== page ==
Hemlock woolly adelgid — forest landowners take note

Hemlock woolly adelgid
(Photo provided — New York State Department of 
Environmental Conservation)

Hemlock woolly adelgid (Photo provided — New York State Department of Environmental Conservation)

Eastern hemlocks (Tsuga canadensis) are one of the most beautiful conifers found in northern New York forests.

It can take up to 300 years for them to reach mature heights of up to 70 feet and diameters of up to 3 feet. They commonly live for 500 years and can live for 800 years or longer. Many are among the oldest trees in the state. In their northern range, they’re found at a variety of elevations (sea level to near 5,000 feet) and on a multiplicity of sites (hillsides, valleys, shorelines, glacial ridges). Hemlocks are commonly found growing in mixed stands, with yellow birch, sugar maple, northern red oak, white ash, American beech, and white pine and can be distinguished from pine and by their short, flat needles.

Although hemlock has limited value as lumber or firewood, for landowners with strong wildlife interests, managing a hemlock stand as a deer yard may be a priority issue. Hemlocks are considered a “keystone” species, meaning that they have a critical ecological role.In thick stands, the dense shade that they provide keeps the soil underneath from drying out during the summer months, creating cool and shaded microclimates for many species of plants and foraging animals.In winter, the dense canopy tempers snow-accumulation on the forest floor, providing superior cover for deer, turkey, ruffed grouse, and other wildlife. The needles are a preferred food for deer and selective cutting is a common management practice used to promote natural regeneration and renewal of the food supply.

But these long-lived giants are being threatened by an invasive insect as small as a radish seed. According to the Cornell Cooperative Extension Invasive Species Program’s New York Invasive Species Clearinghouse, the hemlock woolly adelgid (HWA) has had a presence in the American west since 1924. It was first documented in the eastern U.S. in the 1950s, in Virginia. Since then, HWA has made its way north, killing thousands-upon-thousands of hemlocks along the way.

In 1985, HWA was discovered for the first time in New York; in the lower Hudson Valley. It has since been found in the capital district, the greater-Buffalo and greater-Rochester regions, and in the Finger Lakes. In fact, HWA has been found in 30 New York counties. Currently, 25 New York counties have infestations. Mortality has been pervasive in the Appalachian and southern Catskill Mountains. Seventeen other states from Maine to Georgia also have infestations.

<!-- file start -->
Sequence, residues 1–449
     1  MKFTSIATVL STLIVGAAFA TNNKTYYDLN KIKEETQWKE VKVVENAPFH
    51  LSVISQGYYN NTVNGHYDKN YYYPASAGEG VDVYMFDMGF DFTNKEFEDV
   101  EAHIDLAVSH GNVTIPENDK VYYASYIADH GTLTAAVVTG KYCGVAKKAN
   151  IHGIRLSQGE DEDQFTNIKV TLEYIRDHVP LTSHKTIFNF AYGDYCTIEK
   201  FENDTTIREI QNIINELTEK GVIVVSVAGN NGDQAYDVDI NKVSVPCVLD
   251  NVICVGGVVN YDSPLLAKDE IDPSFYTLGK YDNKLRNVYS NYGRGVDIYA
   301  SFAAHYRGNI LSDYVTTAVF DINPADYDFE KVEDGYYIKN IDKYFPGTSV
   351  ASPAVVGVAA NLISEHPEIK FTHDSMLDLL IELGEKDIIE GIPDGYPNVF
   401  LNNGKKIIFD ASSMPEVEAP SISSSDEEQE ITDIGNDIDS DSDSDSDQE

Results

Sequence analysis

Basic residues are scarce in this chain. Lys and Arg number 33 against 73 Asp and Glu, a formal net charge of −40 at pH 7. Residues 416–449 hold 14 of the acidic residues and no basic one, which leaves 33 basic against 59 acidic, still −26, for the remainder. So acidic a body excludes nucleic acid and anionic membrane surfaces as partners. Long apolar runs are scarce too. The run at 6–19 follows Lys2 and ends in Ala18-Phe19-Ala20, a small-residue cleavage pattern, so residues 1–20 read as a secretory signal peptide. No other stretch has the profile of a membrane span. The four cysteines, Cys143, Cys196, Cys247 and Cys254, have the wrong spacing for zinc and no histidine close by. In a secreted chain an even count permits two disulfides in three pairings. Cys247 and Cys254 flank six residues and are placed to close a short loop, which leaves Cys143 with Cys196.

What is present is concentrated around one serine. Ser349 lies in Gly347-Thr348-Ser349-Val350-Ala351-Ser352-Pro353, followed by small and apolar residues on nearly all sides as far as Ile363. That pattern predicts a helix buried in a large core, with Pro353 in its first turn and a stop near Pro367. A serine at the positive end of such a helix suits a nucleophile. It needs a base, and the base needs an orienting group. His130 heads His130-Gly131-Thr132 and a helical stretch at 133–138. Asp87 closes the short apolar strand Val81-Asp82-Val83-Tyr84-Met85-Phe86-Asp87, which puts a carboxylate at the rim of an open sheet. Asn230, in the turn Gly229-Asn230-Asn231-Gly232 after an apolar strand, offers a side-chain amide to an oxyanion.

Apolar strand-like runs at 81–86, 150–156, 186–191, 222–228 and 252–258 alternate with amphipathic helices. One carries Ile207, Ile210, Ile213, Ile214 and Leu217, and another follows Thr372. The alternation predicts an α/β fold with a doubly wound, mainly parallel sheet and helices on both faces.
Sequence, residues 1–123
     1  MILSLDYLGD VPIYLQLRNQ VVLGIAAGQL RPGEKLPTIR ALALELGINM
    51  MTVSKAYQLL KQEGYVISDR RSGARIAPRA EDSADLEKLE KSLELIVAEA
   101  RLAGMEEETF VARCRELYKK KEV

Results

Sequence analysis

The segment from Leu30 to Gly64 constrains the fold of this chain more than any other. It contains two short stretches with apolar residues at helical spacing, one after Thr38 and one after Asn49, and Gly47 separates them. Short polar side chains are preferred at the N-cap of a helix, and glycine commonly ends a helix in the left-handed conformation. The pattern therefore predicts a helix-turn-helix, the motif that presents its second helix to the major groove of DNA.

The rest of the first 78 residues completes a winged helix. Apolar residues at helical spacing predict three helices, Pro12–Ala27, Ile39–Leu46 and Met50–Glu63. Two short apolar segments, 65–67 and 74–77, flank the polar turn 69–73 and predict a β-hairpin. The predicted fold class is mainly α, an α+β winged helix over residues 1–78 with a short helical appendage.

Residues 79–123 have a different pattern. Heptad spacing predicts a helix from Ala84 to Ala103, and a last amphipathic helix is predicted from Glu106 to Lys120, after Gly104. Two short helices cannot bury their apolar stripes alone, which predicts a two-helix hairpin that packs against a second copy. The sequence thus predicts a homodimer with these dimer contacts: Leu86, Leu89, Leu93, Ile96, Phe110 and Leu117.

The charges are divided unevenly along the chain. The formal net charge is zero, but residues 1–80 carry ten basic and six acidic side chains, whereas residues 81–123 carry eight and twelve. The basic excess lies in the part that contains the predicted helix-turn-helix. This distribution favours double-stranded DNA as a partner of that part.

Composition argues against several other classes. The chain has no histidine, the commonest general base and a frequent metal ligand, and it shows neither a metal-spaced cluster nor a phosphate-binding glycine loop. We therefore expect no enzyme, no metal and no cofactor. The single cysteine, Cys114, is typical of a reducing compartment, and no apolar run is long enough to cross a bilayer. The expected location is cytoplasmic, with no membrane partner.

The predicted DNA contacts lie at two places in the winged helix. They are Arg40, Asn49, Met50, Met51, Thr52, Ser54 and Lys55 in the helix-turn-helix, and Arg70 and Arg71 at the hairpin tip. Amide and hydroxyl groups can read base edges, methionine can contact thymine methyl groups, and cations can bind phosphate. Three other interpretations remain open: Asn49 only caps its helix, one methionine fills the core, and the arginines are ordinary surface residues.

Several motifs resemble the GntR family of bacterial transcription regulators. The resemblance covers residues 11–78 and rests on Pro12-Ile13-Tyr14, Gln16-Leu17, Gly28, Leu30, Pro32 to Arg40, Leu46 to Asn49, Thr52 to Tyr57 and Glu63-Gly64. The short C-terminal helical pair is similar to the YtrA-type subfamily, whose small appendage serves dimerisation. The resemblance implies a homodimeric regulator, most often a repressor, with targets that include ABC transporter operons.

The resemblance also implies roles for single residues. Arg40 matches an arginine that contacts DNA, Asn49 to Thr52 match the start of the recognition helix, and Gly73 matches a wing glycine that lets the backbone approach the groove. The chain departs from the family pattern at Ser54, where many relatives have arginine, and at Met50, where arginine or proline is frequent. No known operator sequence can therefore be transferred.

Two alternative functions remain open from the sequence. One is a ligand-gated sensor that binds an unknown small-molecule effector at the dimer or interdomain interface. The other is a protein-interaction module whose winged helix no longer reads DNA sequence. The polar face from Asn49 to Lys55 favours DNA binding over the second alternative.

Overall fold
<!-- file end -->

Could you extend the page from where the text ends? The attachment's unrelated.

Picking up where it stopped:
On July 18, HWA was found for the first time in the Adirondacks; discovered on an old-growth Eastern hemlock on Prospect Mountain, on the outskirts of Lake George, by a senior ecologist from Harvard University who was visiting the area on a field trip. HWA was later confirmed by a Cornell University scientist working with survey crews from Cornell’s New York State Hemlock Initiative and DEC. The tree had no visible sign of crown-thinning. No less than 10 percent of the Adirondack Park is made up of Eastern hemlocks.

HWA are aphid-like insects, native to Asia. Eggs and crawlers (very young adelgids) are easily moved by the wind and can be carried by birds and animals or moved on hemlock nursery trees, logs, or firewood. All are female, producing two generations a year asexually. They feed on the sap of hemlock trees, draining stored starches from twigs and branches, causing branch dieback and tree decline, and eventually killing the tree.

On hemlock trees, HWA look like tiny balls of wool or cotton attached to twigs at the base of needles. Hence the name. The adelgids themselves, however, are actually dark-colored and less than one-sixteenth of an inch long; barely visible to the naked eye. The cottony-appearing substance on the twigs are egg sacs, protected by dense masses of waxy hairs, which they produce as protection; to keep the eggs and crawlers from drying out during cold weather. Interestingly, hatched HWA remain active; continuing to grow throughout the winter, which is why it was once believed that they could not live in northern climates.

It is often easier to see HWA ‘wool’ on the undersides of shoots, so scouting for the adelgids requires examining the undersides of hemlock branches. It’s best to do this in late winter and early spring.

If you believe that you’ve seen a hemlock tree infested with HWA and would like to confirm your identification, take photos, note the tree’s location, and report it to the New York State Department of Environmental Conservation forest pest hotline at 866-640-0652 or email your photos to them (foresthealth@dec.ny.gov). Please do not clip infested branch samples and transport them or mail them for identification. You could accidentally spread HWA to areas that are not infested.

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